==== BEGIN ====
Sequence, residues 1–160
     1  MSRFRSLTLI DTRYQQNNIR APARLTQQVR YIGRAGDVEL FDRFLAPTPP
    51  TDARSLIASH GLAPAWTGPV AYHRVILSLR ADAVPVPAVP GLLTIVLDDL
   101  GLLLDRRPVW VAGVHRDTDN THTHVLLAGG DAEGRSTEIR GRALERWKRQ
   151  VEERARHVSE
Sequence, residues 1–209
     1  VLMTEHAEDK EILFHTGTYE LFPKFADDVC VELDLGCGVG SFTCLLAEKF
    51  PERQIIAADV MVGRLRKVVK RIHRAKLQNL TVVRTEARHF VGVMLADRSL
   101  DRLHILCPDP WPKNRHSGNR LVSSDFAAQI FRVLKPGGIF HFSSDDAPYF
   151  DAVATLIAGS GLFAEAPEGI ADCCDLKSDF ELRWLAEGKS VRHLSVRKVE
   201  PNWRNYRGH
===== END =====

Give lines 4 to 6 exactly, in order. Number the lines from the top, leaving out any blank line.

   101  GLLLDRRPVW VAGVHRDTDN THTHVLLAGG DAEGRSTEIR GRALERWKRQ
   151  VEERARHVSE
Sequence, residues 1–209